|Cervelli doesn't have an answer for why the Yankees demoted him to the minors. (U.S. Presswire)|
Francisco Cervelli survived three concussions and a broken wrist to serve as a solid or better backup catcher for the Yankees, to play three straight seasons in the majors and win one World Series ring. Now he is surviving a broken heart.
On the eve of the big-league season, with mere hours to go before going north with the Yankees once again, and with no reason to think there was any chance of his Yankees uniform being pulled off his back, it was.
With no possible thought about being sent to Scranton or Rochester or wherever it was the Yankees' Triple-A team was playing now (their home stadium in Scranton-Wilkes Barre is being repaired so the team shuttles between Rochester, Syracuse and other points north for home games), Cervelli suffered the ultimate baseball blow when he was told that his big-league spot was going to Chris Stewart, another career backup with far lesser numbers (Stewart's a career .208 hitter) who had just been picked up on waivers from San Francisco.
Before he was told he needed to go the minors, Cervelli's "stuff'' (i.e. his apartment, car and clothes) were awaiting him in New York. But now that very car basically serves as his closet since he's constantly on the move. His lights on broadway have been replaced by headlights on routes between the teams of the International League's North Division.
"It's not a bad car, but if you look close at the windows, it's filled up,'' Cervelli said. "I hope nobody breaks in.''
Considering what's befallen him, that would be almost too much to take. Cervelli is a .272 career hitter in the majors with no hint he was anything other than a backup in good standing. He is known for his energy and outward displays of emotion, but his animated gestures of glee had only annoyed opponents, as far as he knew.
He had done nothing wrong. He felt that was true, but he had to keep telling himself that.
"There was a lot of frustration the whole month of April,'' Cervelli said. "I couldn't concentrate. I kept thinking, 'What happened? What happened? What happened?'''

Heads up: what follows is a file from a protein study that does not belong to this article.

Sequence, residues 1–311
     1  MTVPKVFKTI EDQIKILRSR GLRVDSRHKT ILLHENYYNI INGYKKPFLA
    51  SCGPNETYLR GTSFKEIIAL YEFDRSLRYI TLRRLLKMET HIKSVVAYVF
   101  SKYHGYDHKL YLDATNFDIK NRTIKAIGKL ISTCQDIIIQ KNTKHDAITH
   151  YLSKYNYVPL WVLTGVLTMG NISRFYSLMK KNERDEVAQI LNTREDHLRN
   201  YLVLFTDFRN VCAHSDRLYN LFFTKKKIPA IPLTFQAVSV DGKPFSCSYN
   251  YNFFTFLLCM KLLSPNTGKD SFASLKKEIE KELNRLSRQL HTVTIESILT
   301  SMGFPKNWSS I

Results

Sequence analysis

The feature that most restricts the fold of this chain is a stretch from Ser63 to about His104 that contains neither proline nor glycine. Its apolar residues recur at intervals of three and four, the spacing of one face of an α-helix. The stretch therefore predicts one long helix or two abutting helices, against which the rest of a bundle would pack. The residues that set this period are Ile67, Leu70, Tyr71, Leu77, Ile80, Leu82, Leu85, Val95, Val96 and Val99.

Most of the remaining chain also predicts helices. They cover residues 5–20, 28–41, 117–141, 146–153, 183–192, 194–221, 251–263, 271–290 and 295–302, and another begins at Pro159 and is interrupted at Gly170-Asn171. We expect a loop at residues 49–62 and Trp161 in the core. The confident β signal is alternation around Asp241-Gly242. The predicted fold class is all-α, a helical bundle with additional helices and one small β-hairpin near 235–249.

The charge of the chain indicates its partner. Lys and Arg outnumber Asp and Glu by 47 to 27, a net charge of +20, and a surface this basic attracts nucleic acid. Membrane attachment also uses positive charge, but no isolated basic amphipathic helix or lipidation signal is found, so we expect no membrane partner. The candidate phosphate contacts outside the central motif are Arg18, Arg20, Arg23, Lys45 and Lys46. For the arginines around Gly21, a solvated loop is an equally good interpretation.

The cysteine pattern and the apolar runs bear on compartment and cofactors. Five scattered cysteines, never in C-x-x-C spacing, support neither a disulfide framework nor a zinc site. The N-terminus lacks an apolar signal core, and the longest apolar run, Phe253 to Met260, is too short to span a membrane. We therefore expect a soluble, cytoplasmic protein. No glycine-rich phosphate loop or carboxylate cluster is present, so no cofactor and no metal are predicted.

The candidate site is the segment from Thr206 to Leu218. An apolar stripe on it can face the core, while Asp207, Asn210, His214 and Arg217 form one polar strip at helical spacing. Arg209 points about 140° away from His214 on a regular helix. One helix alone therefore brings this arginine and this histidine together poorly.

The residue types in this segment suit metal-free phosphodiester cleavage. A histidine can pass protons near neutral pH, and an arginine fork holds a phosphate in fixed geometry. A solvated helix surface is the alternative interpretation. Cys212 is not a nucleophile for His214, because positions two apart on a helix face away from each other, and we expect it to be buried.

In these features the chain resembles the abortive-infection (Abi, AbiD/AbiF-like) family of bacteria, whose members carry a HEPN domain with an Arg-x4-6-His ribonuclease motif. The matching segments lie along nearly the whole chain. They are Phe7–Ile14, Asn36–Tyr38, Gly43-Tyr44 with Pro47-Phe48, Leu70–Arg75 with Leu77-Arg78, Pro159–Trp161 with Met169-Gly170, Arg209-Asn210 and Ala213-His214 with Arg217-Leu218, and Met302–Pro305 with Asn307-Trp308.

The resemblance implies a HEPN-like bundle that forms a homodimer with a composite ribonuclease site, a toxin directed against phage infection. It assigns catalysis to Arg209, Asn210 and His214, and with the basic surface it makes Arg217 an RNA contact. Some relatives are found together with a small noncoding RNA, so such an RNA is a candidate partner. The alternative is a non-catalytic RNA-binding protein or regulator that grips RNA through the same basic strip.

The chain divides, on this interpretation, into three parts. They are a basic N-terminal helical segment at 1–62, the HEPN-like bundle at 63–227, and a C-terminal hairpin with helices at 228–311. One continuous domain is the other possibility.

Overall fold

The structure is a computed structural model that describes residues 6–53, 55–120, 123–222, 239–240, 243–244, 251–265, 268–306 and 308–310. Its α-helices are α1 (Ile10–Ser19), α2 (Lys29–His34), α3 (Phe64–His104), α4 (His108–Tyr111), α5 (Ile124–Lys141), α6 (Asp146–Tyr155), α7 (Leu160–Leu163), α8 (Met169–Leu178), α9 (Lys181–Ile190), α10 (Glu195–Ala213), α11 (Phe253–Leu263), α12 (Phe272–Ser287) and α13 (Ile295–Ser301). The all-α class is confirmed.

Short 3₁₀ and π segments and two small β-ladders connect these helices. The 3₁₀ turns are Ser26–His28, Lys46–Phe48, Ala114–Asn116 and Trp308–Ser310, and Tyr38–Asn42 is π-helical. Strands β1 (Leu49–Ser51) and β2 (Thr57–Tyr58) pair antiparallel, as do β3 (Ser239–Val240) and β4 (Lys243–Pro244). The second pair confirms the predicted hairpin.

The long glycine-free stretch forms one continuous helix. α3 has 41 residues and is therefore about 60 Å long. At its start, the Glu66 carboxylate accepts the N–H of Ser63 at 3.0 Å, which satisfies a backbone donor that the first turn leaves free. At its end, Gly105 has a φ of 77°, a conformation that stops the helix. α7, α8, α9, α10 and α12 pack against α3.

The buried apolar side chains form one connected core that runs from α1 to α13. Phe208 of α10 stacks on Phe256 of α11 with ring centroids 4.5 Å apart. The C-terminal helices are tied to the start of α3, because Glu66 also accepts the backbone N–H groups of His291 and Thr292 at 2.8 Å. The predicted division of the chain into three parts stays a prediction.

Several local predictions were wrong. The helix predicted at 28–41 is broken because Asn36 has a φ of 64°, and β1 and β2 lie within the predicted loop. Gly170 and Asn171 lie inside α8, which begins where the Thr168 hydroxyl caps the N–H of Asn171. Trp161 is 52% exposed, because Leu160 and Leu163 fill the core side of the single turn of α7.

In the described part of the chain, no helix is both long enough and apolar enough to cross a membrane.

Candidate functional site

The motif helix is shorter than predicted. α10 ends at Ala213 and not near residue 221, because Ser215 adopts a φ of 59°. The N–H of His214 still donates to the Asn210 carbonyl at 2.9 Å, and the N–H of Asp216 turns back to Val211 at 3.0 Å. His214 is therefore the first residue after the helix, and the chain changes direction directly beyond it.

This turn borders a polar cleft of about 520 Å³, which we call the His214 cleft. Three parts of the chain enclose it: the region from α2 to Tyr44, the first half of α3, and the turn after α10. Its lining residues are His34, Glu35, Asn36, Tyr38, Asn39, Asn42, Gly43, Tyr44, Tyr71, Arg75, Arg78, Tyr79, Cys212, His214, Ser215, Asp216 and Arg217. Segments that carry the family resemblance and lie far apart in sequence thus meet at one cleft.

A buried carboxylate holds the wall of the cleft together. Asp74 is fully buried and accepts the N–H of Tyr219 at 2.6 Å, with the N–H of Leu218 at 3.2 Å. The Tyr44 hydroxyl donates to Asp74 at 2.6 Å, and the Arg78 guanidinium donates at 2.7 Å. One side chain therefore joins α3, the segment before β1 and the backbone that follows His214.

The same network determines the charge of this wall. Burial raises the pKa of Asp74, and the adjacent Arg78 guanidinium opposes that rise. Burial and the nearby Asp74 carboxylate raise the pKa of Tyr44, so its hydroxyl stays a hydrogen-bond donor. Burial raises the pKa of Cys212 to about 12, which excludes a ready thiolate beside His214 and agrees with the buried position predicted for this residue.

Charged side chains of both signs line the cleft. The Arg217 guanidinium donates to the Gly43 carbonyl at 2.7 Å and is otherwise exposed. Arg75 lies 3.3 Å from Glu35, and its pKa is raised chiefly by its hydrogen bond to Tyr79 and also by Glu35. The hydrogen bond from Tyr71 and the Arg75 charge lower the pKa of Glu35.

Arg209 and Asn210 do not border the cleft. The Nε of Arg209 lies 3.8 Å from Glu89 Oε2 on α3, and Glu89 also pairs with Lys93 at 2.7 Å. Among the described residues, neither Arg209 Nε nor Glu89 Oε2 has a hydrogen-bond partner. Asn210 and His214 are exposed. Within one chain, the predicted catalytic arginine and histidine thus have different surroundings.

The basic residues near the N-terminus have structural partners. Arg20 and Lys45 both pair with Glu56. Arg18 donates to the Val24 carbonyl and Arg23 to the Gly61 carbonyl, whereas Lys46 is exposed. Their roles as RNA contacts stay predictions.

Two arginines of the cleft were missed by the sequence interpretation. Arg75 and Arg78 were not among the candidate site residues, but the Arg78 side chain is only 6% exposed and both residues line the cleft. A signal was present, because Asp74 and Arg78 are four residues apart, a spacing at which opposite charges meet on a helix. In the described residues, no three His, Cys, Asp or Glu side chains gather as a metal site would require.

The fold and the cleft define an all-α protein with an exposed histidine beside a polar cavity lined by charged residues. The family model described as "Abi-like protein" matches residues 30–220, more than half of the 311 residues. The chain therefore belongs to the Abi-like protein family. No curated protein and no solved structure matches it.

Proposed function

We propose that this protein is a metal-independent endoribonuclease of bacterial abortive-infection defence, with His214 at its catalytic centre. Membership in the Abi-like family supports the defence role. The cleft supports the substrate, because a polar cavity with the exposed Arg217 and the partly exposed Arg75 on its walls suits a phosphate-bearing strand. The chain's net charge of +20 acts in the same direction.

What occurred was a one-in-thousand stroke of bad luck that buried Cervelli a level below where he belongs. Cervelli made clear he doesn't blame the Yankees. It was a business decision, nothing personal. Or so he thinks.
He thought too much at first. Cervelli hit .213 in April when he was searching for answers. But he's batted a more characteristic .284 since then, as his head has begun to clear.
It's better now. But then sometimes he thinks about it, and he isn't sure.
"I don't have the answer,'' Cervelli said. "Everytime I think about it, I'm a little confused.''
Perhaps the hardest part to understand came when the Yankees explained that they weren't giving Cervelli's job away because he had done anything wrong or they liked Stewart's game better. No, the whole demotion came down to the fact Cervelli had an option left and Stewart didn't. In fact, the Yankees made clear that if something should happen to Martin, Cervelli -- not Stewart -- would be the likely starter.
So in effect Cervelli was insurance for the Yankees, human insurance. With Austin Romine out with a back injury, Cervelli gives them a third viable catching option.
He's surely plenty good enough to be in the majors as a backup. Nothing's changed between his 25th and 26th birthdays, he knows that. He's good to be the back up for the Yankees (except for the option situation). And for many other teams -- the Rays, Marlins, Astros, Indians, Brewers, Mets and Angels, just to name a few.
Since Cervelli might be the only player in the majors serving as human insurance, his folks Damelis and Manuel recently came up from Venezuela to accompany him on a three-week nomadic trip to away games and home games (which are really just more away games), and to remind him not to get down at age 26, even if he was down. Cervelli said his parents were there to reinforce his love for the game, even if wasn't treating him so kindly lately.
"A lot of players, they don't have any job. I feel blessed to have a job. Unfortunately, it's at Triple-A,'' Cervelli said. "I think I can play in the big leagues. I'm doing everything I can to show people who don't believe I can play there that they are wrong.''
Cervelli said he has no hard feelings against the Yankees, so he gets it that he was just caught in a bad circumstance. Unfortunately, barring injury to either starter Russell Martin or Stewart, he may be stuck for awhile. Stewart is hitting a respectable .245 and has become CC Sabathia's personal catcher (even if the Yankees don't call it that).
Cervelli had nothing bad to say about the Yankees. But he made it clear he's playing to show someone -- anyone -- that he is still worthy of being a big leaguer.
"They always know what they are doing,'' Cervelli said of the Yankees. "Sometimes we don't understand. I am going to make them understand I can play in the big leagues.''
When I asked how he would react to a trade to a team with a major-league job for him, Cervelli said, "I want to play in the big leaguers, bro.''
He should be playing in the big leagues. Nobody should have to serve as human insurance.